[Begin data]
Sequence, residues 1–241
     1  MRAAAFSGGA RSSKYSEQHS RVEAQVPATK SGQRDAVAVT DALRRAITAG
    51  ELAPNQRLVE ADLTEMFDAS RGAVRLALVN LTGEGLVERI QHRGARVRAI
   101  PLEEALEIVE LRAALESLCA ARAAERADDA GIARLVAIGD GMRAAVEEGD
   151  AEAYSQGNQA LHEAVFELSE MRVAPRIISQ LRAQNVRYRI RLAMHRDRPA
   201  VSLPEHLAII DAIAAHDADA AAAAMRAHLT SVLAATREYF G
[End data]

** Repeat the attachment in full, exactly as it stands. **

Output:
Sequence, residues 1–241
     1  MRAAAFSGGA RSSKYSEQHS RVEAQVPATK SGQRDAVAVT DALRRAITAG
    51  ELAPNQRLVE ADLTEMFDAS RGAVRLALVN LTGEGLVERI QHRGARVRAI
   101  PLEEALEIVE LRAALESLCA ARAAERADDA GIARLVAIGD GMRAAVEEGD
   151  AEAYSQGNQA LHEAVFELSE MRVAPRIISQ LRAQNVRYRI RLAMHRDRPA
   201  VSLPEHLAII DAIAAHDADA AAAAMRAHLT SVLAATREYF G